'New tax law to dampen tourism'

HARARE - Zimbabwe's hotels will become uncompetitive while recent improvements in tourist arrivals may be reversed if government’s plan to extend value added tax (Vat) to non-residents goes through, industry players warned.

Glenn Stutchbury, Cresta Hotels’ chief executive, said the imposition of the levy will effectively increase prices by 15 percent, rendering the country noncompetitive as a tourist destination.

Consequently, the hotelier said, foreign visitors’ numbers into the country will be reduced.

“Such a development would be a setback for an industry slowly climbing out of a decade-long recession and would hinder the travel and tourism sector’s drive to increase visitor arrivals and thereby increase foreign currency earnings by the sector,” he said.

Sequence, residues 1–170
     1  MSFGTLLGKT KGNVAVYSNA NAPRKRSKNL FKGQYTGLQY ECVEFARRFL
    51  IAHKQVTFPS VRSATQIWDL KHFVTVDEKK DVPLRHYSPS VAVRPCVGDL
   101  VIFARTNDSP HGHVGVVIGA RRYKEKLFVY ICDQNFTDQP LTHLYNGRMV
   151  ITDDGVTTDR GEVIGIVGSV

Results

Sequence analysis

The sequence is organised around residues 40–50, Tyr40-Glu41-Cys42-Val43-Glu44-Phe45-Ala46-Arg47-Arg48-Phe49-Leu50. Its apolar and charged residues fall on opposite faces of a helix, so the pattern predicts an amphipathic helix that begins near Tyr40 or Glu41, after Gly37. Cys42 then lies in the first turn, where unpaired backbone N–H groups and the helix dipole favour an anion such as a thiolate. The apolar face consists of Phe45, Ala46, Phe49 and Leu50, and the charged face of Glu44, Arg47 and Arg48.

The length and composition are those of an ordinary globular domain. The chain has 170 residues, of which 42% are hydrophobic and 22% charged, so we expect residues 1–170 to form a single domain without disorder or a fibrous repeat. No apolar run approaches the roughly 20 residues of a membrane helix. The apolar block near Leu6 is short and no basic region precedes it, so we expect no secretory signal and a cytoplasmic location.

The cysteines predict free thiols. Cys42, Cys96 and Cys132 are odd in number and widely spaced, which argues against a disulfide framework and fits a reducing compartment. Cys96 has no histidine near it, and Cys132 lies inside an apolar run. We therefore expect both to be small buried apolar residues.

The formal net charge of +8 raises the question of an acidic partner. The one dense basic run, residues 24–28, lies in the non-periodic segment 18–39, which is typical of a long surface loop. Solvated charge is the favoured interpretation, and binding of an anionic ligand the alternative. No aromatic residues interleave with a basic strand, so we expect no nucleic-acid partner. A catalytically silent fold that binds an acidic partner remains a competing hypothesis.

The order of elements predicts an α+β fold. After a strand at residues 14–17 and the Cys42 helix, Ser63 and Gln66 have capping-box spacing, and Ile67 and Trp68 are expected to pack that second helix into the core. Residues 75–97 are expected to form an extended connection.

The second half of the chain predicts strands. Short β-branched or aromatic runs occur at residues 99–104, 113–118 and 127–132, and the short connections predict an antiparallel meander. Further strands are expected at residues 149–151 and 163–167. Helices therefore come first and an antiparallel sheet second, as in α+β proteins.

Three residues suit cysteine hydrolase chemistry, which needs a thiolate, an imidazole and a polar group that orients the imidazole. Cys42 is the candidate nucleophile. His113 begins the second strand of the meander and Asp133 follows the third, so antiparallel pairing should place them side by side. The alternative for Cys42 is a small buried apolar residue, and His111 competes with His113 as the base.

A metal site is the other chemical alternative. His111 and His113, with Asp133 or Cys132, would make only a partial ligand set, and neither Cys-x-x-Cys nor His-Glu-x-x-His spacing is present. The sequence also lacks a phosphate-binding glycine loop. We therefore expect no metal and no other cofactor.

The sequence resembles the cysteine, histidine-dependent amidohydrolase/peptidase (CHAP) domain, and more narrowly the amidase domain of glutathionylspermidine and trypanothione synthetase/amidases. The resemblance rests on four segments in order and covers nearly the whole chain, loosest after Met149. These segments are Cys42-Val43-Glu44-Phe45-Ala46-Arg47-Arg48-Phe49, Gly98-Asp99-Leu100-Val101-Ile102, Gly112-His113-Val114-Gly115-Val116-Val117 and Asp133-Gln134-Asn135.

In the recent 2014 National Budget, Finance minister Patrick Chinamasa proposed that Vat be imposed on payments for accommodation and services by foreign tourists, a major reversal of the longstanding policy of not doing so.

However, hotels operating in the country are opposing the move and urging a rethink, in the best interests not only of the travel and tourism sector but of the whole economy.

Stutchbury noted that hoteliers were embarking on an exercise to engage the authorities in discussion on the issue and gain a shelving of the plan for a minimum of five years.

Until now it has been national policy not to charge Vat on foreigners payments of accommodation and tourism-related services and when the Vat system was introduced in 2003 the travel and tourism sector was recognised as an exporter, exempt from Vat on foreign visitors’ payments.

Stutchbury said the sector now felt strongly that after a slow but determined emergence from a 13-year period of depressed trading, the time was not right to undertake action that would have a detrimental effect on growth.

Such an impact would result in a drop in tourist arrivals with consequent reduced growth for the travel and tourism sector and either stagnation or reduction in employment levels.

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